- The shape and slope of a block affects the Feng Shui of a property. The best Feng Shui in a property occurs when it is rectangular in shape and is sloping slightly upwards — it is supposed to be symbolic of the property growing in value.
- The location of a property is also important. Water is said to hold qi so it is good to have nearby. On the water is best but water views and even a pool could suffice. Backing up to a hill or mountain can also be a positive as it protects the home from strong wind, which has the opposite affect of water — it blows away qi.
- A red front door creates good Feng Shui as it invites positive energy into the house. Throughout history, a red front door has also symbolized protection from the angel of death and a safe place to rest.
What this means for you as a seller: when you stage your property for viewings, consider the principles of Feng Shui to make the most of your space.
What this means for you as an investor or developer: hire a Feng Shui expert to have input into your architecture and interior design plans.
What this means for you as a buyer: use any good Feng Shui that your property has to full advantage in photos, marketing and discussions with your agent.
3. Some other superstitions to keep in mind
There really are an endless number of superstitions that influence people’s decisions around real estate.
Here are a few others that are worth your consideration:
- Friday the 13th is a day that superstitious people avoid doing anything significant due to the belief that the day is cursed and a source of ill fortune — so don’t host an auction on that day!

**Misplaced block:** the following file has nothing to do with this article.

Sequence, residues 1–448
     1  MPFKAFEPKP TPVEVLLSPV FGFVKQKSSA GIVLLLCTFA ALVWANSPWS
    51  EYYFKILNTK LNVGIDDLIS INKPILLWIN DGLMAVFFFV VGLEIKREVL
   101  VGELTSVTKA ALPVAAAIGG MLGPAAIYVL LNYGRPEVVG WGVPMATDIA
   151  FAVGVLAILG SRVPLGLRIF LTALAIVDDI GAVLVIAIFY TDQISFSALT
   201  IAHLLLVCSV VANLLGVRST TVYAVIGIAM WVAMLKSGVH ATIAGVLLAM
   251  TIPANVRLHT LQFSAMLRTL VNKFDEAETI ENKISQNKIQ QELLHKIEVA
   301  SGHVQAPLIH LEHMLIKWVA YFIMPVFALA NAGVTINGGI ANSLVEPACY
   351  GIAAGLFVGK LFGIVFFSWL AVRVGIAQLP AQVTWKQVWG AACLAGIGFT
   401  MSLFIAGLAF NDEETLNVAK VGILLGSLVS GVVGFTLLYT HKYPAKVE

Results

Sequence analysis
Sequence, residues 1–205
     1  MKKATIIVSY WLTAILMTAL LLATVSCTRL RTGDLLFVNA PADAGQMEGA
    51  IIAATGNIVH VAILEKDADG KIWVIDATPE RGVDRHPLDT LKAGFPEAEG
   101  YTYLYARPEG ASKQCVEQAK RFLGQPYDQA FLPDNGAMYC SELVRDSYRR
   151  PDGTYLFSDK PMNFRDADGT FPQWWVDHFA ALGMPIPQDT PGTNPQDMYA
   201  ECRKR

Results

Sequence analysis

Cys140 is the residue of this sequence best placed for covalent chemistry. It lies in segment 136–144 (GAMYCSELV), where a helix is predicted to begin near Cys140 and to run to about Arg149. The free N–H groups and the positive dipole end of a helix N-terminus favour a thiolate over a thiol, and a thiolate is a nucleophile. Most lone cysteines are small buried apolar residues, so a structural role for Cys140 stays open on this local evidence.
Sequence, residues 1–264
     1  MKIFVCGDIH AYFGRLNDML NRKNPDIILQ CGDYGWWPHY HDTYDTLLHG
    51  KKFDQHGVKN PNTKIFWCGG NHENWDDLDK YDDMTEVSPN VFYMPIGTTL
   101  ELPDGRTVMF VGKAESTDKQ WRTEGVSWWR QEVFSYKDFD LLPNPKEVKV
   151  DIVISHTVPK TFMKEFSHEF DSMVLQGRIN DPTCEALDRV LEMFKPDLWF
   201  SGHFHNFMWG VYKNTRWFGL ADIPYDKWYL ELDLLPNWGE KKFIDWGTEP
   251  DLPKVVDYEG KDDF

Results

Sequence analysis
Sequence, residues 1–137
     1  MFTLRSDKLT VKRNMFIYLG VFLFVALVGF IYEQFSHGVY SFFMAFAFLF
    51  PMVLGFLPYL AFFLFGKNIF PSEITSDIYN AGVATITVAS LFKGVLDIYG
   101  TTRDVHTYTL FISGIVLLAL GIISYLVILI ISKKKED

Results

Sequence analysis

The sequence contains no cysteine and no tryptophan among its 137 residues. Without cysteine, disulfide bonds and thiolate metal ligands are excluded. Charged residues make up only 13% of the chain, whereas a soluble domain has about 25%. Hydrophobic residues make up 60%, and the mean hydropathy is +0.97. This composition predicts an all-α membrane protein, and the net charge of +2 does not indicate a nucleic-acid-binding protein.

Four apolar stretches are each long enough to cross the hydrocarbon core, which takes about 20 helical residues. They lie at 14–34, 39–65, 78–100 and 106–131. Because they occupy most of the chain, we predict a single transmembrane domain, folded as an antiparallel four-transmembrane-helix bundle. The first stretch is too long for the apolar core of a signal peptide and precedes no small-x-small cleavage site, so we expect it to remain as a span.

- Saturdays are unlucky in Indian culture as it is associated with the god Shani (Saturn) and is associated with the crow in Hindu mythology. The superstitions associated with Saturday have led to a saying, “Saturday, the day of hopeless people.” This could make the traditional day for open houses a bit tricky.
- Deceased estates can be considered bad luck for people from a number of different cultures, including western cultures. While some think of a potential bargain, others can’t handle the idea of a dead body or spirit occupying the house.
If you are looking to buy or sell and you aren’t superstitious, you have nothing to lose by being aware of these interesting cultural norms.
You are now aware of some of the reasons why a property may be still on the market besides the usual structural, location or price concerns and
although it may no influence your decisions, it could explain why a particular house, suburb or community is doing well (or not so well).
Ultimately, it is important to note that nothing can beat good research and preparation when it comes to buying or selling a home.
If you are struggling to sell or are looking for a unique angle in a particular market, these superstitions may be of benefit to help you think outside the box when re-launching your sales campaign or renewing your search efforts.
Originally published at https://propertyupdate.com.au on July 26, 2019.